PhD Seminar • Computational Neuroscience | Artificial Intelligence | Machine Learning • How Predictive Coding Rescues Traditional Neural Networks on Adversarial ExamplesExport this event to calendar

Monday, April 8, 2024 — 9:00 AM to 10:00 AM EDT

Please note: This PhD seminar will take place in DC 2310 and online.

Ehsan Ganjidoost, PhD candidate
David R. Cheriton School of Computer Science

Supervisor: Professor Jeff Orchard

Adversarial examples represent meticulously crafted inputs exploiting vulnerabilities in machine learning models, leading to erroneous predictions. These inputs are generated by introducing perturbations, often imperceptible to the human eye, to legitimate samples, causing the model to misclassify or output incorrect results. The phenomenon not only underscores the fragility of state-of-the-art deep learning architectures in the face of seemingly minor modifications but also poses significant security and reliability concerns for applications relying on machine learning. Understanding and mitigating the impact of adversarial examples thus remains a critical area of research, aiming to enhance the robustness and trustworthiness of machine learning models in real-world deployments.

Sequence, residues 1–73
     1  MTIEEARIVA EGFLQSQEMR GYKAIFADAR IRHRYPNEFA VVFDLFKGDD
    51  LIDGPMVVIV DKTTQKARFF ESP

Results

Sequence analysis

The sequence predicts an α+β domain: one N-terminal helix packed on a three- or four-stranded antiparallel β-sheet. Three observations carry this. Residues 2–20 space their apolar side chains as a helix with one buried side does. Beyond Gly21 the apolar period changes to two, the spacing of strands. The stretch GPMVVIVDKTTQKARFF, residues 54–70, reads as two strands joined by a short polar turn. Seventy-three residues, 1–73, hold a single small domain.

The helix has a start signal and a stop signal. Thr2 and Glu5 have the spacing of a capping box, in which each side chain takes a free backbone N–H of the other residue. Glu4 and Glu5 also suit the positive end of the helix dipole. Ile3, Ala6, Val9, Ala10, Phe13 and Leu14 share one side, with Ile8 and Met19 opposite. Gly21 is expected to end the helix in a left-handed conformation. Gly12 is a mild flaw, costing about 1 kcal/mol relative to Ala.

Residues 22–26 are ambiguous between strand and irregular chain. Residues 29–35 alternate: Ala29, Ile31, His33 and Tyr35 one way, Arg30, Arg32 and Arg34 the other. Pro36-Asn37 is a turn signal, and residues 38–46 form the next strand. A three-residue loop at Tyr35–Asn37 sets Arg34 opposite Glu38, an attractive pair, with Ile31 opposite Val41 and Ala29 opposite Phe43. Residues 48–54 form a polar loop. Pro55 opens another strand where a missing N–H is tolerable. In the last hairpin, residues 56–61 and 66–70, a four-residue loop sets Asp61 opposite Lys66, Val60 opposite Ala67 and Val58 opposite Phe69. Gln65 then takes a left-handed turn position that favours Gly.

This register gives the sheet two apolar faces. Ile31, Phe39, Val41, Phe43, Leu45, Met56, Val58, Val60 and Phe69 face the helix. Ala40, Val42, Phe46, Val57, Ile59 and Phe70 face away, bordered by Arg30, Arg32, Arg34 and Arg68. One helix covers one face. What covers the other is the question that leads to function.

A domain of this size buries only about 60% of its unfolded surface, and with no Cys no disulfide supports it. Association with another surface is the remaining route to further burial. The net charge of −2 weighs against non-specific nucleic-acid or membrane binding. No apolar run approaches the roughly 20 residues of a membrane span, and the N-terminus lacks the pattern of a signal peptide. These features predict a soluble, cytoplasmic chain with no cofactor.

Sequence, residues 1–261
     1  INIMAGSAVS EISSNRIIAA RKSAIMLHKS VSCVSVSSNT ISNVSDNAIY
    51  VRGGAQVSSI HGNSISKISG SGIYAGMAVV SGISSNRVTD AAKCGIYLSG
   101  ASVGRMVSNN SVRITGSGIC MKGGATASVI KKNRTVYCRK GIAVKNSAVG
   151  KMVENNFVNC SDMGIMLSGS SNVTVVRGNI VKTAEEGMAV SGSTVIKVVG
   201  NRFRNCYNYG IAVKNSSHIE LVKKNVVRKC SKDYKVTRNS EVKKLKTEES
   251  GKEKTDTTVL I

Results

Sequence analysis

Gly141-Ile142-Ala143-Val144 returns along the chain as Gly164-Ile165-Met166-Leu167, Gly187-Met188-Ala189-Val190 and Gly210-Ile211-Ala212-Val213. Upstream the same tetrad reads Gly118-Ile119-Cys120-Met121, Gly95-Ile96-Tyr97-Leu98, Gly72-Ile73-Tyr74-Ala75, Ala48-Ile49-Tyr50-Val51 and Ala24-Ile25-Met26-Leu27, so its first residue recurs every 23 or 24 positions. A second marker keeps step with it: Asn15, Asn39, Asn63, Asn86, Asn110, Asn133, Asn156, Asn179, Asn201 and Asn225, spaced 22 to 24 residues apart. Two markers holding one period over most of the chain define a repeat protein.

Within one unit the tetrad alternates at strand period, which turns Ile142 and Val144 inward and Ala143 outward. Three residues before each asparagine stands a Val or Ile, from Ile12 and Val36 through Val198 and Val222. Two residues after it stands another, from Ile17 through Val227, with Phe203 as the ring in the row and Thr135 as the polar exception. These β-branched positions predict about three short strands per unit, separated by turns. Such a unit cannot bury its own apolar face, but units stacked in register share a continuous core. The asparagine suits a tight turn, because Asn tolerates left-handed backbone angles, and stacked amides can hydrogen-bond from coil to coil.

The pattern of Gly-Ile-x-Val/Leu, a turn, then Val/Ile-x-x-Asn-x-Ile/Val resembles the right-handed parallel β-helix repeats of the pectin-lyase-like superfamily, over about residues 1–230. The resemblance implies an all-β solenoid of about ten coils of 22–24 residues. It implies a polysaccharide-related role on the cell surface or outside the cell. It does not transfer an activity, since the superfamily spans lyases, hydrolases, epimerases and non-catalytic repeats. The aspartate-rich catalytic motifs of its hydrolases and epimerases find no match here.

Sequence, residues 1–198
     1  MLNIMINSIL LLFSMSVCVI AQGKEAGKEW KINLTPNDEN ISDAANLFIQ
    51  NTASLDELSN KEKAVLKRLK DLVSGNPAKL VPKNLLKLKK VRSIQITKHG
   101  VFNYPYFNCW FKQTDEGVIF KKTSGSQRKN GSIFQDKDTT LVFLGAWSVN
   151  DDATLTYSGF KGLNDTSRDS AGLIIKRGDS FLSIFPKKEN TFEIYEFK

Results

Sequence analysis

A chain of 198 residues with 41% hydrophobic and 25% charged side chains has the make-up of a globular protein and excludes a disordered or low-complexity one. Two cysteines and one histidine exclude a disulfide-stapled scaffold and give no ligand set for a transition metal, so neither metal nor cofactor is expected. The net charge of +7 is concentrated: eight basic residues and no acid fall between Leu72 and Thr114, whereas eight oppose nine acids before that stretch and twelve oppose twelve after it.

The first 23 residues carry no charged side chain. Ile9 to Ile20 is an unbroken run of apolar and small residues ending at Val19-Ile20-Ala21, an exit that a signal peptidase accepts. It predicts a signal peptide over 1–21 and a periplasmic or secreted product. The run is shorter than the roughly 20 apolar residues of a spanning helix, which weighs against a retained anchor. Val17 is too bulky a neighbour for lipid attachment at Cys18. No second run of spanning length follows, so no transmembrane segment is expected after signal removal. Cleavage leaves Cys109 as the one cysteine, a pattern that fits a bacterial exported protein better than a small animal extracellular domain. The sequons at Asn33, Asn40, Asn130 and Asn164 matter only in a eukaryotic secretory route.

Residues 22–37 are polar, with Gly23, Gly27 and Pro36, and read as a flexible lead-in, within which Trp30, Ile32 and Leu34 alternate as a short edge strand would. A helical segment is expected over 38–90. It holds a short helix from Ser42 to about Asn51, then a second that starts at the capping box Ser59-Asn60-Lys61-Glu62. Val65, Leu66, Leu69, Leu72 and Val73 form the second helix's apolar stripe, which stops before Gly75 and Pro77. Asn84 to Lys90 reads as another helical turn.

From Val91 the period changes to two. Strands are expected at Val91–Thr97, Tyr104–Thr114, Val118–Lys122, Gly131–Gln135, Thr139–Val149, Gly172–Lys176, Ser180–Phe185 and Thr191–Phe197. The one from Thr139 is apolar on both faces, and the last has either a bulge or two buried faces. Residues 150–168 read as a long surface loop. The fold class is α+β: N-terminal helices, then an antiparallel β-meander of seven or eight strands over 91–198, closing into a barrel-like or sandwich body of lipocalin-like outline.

In our research, we used the Predictive Coding Network (PCnet) equipped with a local learning algorithm to predict the immediate lower layer along the hierarchies at each level. Inspectors are situated between the layers to match the prediction with lower layer values. After checking the accuracy of the prediction, inspectors signal the amount of revision required to apply by the higher layer. These dynamics comply with certain differential equations. Consequently, the system of ODEs reaches an equilibrium where the total of the prediction errors all over the network is at a local minimum.

Unlike Feedforward Networks (FFNs), as we described the structure of the PCnet and its learning process, at each moment, each layer can revisit its immediate lower layer and adjust its prediction while simultaneously being affected by the lower layer. In other words, pairs of layers collaborate to construct the network’s state. Based on this property, a simple PCnet classifier outperforms regular FFN models on adversarial examples, and PCnet can also help regular FFNs prevent failing on such adversaries.

TL; DR: Adversarial examples can exploit vulnerabilities in machine learning models, leading to inaccurate predictions, but the Predictive Coding Network (PCnet) offers a reliable solution to this problem. By allowing pairs of layers to collaborate and construct the network's state, the PCnet outperforms regular Feedforward Networks (FFNs) on adversarial examples and can aid regular FFNs in avoiding failure on such adversaries. This approach enhances the robustness and trustworthiness of machine learning models in real-world applications, ensuring their accuracy and reliability.


To attend this PhD seminar in person, please go to DC 2310. You can also attend virtually using Zoom at https://uwaterloo.zoom.us/j/94426546074.

Location 
DC - William G. Davis Computer Research Centre
Hybrid: DC 2310 | Online PhD seminar
200 University Avenue West

Waterloo, ON N2L 3G1
Canada
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